I admit, I was disappointed. When I walked into the Survivor 9 casting call at The Broadway sports bar last Thursday, sheepishly carrying my 3-minute video tape and application under my coat, I was expecting at least a Survivor banner. Or some flashy L.A. reps asking me to answer revealing questions under stage lights. Maybe even a Survivor souvenir for my efforts (I’d rented a video camera and set it up in my living room and everything). But all I had to do to officially apply to be a member of the next Survivor cast was hand my application envelope to a Broadway employee seated at a fold-out table set up in front of a wall-sized TV screen silently rolling old Survivor clips. For those who hadn’t yet made their tapes, a video booth had been set up in the back of the room, under Budweiser lights. And for the first eight people who jumped at the opportunity to do Stupid Survivor Tricks—bird calls, or wiggly dances, or even roping a chair with an extension cord—on the Broadway stage, there were Survivor hats and bandanas and purses.
Still, silly as I felt, I was let down. For someone who’d completed the application only for the sake of an article, I’d worked up an unanticipated case of the jitters in preparing my response—I am the ultimate Survivor because…—and I wanted my shot at dazzling a producer. I wanted to be deemed fit and cagey and multi-faceted by a team of experts who must surely have a delicate eye for those qualities by now. In the absence of any such challenge, however, I settled for a beer and conversation with other Survivor hopefuls. I watched a dozen applicants record their 3-minute video segments. As I listened, and as I reflected on my experience preparing my own video audition, I learned something new about the camera: It doesn’t just add 15 pounds to your face. It also flattens your character, dulls your edges, reduces you to a stereotype that does little justice to who you actually are.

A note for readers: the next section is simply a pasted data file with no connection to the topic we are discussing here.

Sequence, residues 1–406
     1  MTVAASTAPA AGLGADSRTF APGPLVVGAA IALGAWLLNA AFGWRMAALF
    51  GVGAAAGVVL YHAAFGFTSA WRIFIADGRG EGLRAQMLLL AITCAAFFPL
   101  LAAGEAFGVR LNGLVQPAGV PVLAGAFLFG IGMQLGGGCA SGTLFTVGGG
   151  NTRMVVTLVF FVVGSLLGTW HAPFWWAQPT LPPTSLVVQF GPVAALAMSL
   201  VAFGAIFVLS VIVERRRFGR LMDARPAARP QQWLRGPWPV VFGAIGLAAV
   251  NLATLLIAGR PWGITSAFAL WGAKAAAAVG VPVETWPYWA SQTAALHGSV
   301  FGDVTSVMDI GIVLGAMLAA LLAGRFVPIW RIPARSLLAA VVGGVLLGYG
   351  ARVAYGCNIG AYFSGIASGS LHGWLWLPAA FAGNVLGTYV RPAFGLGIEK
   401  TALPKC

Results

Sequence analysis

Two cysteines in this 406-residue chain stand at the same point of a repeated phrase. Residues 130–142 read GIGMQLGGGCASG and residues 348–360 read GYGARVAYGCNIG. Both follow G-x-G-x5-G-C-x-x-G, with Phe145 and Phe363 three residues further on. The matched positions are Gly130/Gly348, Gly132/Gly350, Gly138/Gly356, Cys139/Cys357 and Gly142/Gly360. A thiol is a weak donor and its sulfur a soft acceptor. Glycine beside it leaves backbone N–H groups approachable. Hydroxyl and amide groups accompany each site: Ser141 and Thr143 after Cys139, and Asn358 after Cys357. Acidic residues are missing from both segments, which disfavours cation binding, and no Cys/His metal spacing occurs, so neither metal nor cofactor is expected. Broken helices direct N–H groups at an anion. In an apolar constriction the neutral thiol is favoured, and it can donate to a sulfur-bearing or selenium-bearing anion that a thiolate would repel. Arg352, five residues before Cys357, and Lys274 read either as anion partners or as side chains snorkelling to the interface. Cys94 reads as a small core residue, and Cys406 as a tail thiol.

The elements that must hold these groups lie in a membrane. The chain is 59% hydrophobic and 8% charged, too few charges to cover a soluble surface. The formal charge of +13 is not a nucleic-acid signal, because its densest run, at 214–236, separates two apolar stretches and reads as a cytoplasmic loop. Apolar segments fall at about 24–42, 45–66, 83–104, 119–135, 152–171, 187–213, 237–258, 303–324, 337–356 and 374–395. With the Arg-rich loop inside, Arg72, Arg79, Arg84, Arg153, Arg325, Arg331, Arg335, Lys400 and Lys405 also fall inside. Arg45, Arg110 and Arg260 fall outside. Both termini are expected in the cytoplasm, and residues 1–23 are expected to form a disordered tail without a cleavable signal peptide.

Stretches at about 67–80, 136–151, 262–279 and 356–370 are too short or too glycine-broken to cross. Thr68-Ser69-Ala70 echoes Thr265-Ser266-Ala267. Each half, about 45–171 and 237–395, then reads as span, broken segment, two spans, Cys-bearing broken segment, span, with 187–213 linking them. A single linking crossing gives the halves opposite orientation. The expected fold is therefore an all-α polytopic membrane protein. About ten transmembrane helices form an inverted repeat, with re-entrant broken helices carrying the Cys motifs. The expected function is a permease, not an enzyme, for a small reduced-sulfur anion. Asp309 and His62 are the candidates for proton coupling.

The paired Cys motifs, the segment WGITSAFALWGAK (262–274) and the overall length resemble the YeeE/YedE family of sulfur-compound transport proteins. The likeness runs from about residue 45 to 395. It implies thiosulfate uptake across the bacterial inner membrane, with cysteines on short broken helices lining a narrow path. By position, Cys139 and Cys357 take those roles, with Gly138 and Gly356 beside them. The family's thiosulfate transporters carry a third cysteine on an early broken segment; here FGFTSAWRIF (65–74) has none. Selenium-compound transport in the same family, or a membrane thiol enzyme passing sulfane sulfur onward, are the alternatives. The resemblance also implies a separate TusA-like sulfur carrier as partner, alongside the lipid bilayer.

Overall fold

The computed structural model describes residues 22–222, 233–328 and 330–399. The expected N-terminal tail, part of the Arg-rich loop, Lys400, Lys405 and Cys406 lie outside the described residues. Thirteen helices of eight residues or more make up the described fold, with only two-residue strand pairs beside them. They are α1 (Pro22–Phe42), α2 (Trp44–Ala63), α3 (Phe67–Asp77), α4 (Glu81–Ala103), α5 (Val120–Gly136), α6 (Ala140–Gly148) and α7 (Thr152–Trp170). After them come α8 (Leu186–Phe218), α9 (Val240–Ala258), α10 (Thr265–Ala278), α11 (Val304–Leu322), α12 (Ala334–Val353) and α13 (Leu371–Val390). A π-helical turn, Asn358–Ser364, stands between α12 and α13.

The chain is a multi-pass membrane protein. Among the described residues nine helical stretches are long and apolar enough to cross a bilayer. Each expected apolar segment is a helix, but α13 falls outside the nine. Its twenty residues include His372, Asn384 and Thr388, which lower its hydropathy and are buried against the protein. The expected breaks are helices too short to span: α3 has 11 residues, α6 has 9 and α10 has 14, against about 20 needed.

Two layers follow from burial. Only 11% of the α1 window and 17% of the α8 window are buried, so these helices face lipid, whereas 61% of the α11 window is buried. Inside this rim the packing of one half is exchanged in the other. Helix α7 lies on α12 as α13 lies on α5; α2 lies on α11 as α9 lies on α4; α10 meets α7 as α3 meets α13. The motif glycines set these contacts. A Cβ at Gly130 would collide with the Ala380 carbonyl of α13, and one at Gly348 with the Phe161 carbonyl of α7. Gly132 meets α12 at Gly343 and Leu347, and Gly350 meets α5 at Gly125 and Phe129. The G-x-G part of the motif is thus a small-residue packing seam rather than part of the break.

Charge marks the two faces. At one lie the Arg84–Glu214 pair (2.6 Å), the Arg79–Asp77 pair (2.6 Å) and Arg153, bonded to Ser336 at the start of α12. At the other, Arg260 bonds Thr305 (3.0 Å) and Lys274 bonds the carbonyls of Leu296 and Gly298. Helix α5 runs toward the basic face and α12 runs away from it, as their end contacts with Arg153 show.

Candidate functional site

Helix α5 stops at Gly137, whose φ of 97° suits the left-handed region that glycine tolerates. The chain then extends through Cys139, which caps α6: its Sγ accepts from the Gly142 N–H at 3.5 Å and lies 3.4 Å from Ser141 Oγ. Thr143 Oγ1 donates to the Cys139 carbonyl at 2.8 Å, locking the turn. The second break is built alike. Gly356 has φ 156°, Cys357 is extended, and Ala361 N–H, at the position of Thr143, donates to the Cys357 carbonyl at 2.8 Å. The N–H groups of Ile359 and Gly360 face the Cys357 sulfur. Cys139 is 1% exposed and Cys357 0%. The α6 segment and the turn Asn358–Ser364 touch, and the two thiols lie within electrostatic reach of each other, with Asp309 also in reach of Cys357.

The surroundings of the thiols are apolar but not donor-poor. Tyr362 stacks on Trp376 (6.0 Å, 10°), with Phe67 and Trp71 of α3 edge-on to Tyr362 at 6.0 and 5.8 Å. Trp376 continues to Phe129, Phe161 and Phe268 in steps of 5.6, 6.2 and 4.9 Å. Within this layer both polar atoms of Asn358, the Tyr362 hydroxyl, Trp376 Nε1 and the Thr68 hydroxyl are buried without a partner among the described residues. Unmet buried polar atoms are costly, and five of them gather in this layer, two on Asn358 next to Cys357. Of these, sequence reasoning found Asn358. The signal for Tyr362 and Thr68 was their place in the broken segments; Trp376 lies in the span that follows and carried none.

Which is, of course, exactly what reality shows from Survivor to the latest The Apprentice with Donald Trump are looking for. Watch these shows and a formula quickly emerges. You have The Jock. The Homemaker. The Eagle Scout. The Villain. The Ditz. And judging from the videos being taped at The Broadway last week, that’s exactly the lineup CBS will field again for Survivor 9. Because for every unique dream or motivation I heard when talking to an applicant one-on-one, I heard a patently dull, canned plea recorded in front of the camera.